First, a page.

Usually one walks through a forest, but here, an hour outside of the Danish capital of Copenhagen, there's the chance to go right up into it, and, ultimately high above its canopy of trees.
A spiraling walkway – one continuous ramp – soars 14 stories high. On a clear day, from the top, visitors can see Sweden.
It was the brainchild of Jesper Mathiesen, and the centerpiece of a nature park he runs called Camp Adventure. Mathiesen, a former Danish Navy SEAL, feels at home in the forest – and in a Denmark which lost huge swaths of forest to farming, he's hoping this might foster a connection with nature.
"It's for everybody," Mathiesen said. "It's for the family with the very small children, it's for the old people who don't work anymore [who] just want to relax a little bit, right, and have a good time."
Architect Tue Foged and his team designed this unusual tower, meant to both stand out, and at the same time blend in with the forest.
Correspondent Seth Doane asked, "Why did you want it to have this kind of hourglass-y shape?"
"The whole gesture is kind of respecting the existing trees," Foged replied.
it's reminiscent of the Guggenheim Museum in New York, Frank Lloyd Wright's spiraling museum. Here, it's not art but the forest that's on display.
The same idea is at play at New York's Highline, an elevated, urban walkway where visitors get a unique perspective of the city, and at the Vessel, where architects created a soaring, exterior staircase which climbs up into the jungle of Manhattan.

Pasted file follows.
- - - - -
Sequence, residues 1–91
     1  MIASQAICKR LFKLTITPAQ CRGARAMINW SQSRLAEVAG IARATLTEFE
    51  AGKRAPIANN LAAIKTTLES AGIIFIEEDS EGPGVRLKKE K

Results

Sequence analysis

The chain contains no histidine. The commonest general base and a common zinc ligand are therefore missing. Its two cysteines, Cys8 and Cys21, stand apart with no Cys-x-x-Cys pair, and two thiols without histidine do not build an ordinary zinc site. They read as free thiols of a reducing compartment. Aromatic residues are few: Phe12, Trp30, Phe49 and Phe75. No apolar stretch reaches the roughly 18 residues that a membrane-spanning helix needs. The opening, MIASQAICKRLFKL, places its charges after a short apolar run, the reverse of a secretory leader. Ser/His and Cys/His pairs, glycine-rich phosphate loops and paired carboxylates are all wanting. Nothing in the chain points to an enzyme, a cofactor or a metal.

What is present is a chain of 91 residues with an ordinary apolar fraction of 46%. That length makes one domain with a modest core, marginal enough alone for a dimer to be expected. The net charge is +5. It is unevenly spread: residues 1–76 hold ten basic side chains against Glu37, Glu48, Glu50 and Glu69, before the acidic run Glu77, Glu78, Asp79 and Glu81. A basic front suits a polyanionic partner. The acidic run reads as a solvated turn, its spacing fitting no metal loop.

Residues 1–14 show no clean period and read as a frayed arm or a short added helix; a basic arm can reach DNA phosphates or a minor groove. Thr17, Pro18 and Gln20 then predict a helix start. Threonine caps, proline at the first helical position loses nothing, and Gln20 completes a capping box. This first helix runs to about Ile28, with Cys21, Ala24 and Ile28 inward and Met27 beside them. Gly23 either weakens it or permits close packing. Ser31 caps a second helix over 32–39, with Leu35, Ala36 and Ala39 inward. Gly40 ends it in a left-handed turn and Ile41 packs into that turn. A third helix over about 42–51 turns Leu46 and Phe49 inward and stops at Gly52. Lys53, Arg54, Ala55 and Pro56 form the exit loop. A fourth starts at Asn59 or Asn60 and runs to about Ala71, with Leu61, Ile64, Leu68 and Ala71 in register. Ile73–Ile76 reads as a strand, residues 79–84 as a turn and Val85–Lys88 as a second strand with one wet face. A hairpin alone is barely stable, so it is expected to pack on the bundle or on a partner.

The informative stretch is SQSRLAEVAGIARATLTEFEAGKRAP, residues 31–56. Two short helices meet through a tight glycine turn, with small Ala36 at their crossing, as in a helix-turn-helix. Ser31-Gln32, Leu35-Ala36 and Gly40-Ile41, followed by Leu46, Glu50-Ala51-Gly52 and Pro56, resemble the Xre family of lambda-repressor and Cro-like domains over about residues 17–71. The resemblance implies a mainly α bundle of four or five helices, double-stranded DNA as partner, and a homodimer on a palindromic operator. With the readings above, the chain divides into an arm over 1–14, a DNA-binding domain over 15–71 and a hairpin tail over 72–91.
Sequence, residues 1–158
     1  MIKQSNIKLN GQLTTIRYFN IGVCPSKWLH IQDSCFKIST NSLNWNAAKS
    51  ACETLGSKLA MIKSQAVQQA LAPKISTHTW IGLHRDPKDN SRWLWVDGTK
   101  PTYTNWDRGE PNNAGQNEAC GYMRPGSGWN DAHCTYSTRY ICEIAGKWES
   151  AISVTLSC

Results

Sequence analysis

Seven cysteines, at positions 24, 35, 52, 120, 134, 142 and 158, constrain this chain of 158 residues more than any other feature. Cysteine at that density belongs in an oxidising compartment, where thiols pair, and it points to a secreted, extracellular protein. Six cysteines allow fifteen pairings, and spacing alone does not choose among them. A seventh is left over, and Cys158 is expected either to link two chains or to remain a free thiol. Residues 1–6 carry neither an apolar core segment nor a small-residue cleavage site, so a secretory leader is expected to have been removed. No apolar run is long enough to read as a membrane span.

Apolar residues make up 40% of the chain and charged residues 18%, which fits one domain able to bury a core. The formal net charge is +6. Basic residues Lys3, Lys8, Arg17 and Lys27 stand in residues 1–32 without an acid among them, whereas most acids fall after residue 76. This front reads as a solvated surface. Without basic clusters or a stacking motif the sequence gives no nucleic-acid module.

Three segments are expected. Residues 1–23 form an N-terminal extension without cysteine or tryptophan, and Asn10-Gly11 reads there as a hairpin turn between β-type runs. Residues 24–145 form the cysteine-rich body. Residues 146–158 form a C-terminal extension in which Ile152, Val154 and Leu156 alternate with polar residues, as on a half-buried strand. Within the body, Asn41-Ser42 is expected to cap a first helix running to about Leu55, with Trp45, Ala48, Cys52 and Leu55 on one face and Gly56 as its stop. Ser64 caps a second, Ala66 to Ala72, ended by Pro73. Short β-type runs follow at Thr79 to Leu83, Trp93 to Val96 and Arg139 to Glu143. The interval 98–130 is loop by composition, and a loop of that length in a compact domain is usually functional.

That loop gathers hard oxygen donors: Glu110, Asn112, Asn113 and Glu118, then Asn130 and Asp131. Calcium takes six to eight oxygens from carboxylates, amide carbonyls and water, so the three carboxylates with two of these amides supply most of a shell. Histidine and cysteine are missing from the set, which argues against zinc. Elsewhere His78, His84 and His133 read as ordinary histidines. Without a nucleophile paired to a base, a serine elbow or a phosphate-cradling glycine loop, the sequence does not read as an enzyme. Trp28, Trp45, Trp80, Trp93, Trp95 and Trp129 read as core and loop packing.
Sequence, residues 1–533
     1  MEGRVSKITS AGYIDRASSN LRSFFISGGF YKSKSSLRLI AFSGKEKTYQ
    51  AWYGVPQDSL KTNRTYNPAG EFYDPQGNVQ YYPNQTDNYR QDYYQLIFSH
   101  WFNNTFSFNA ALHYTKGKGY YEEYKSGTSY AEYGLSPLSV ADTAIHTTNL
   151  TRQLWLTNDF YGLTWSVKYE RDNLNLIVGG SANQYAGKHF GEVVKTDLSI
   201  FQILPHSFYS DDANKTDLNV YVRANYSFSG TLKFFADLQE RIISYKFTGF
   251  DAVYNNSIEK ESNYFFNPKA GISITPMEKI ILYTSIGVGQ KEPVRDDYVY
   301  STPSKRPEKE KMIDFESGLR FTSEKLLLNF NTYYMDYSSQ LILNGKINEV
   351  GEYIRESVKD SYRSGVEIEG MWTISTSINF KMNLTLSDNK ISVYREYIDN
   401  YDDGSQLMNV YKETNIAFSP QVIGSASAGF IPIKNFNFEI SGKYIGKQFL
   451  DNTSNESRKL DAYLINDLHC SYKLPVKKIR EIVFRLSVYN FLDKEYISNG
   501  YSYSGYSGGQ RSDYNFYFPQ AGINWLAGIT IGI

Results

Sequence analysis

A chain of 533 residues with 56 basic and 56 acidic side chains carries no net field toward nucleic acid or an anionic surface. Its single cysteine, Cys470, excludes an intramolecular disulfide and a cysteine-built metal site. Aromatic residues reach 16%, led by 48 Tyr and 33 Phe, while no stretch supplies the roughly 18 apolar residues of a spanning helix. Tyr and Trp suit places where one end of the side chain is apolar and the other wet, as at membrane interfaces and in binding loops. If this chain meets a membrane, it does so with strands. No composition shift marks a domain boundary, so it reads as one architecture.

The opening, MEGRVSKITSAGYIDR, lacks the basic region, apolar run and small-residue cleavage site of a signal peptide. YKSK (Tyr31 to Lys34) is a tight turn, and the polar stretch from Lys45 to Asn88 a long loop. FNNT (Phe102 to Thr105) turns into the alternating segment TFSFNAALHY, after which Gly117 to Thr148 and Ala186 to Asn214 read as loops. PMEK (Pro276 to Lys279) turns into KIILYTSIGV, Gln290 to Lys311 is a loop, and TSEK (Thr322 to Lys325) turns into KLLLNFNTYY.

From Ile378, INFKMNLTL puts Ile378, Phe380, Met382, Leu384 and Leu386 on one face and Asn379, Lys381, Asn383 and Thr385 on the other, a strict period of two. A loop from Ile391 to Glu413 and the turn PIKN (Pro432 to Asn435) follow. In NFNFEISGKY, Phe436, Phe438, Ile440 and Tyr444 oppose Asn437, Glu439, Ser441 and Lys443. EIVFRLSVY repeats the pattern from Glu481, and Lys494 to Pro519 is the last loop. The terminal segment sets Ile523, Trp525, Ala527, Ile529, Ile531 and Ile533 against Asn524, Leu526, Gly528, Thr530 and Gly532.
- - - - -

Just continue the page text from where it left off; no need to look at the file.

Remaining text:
Doane asked Foged, "This seems like a very simple structure, the spiral. How complicated was it to get to this design?"
"It's complicated to make it look simple!" he replied. "That's the real issue! You can't imagine how much work there is to get the simplicity perfect."
A raised pathway leads visitors to the tower, so that the forest itself remains untouched. "We are trying to reconnect people to the forest and allowing them to do so in a manner where you don't destroy the very thing you've come to see," Foged said.
It costs about US$20 to climb this raw structure, which is built from locally-sourced oak and untreated steel.
"If we just wanted people to access the view platform, we could've just installed a staircase and an elevator," said Foged. "But we wanted people, like, everybody to just have the slow walk up through the top of the trees."
It has attracted nearly 200,000 visitors since the tower opened in March.
Lisa Algstam and her daughter, Bryn, came all the way from Washington Atate. "We got off the plane last night and here we are!" Algstam laughed. "It's just something different, something unusual, something very unique. And, of course, it celebrates nature."
This tree-top tower celebrates nature, and this forest, by simply allowing visitors a fresh perspective on what was always there.
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Story produced by Mikaela Bufano.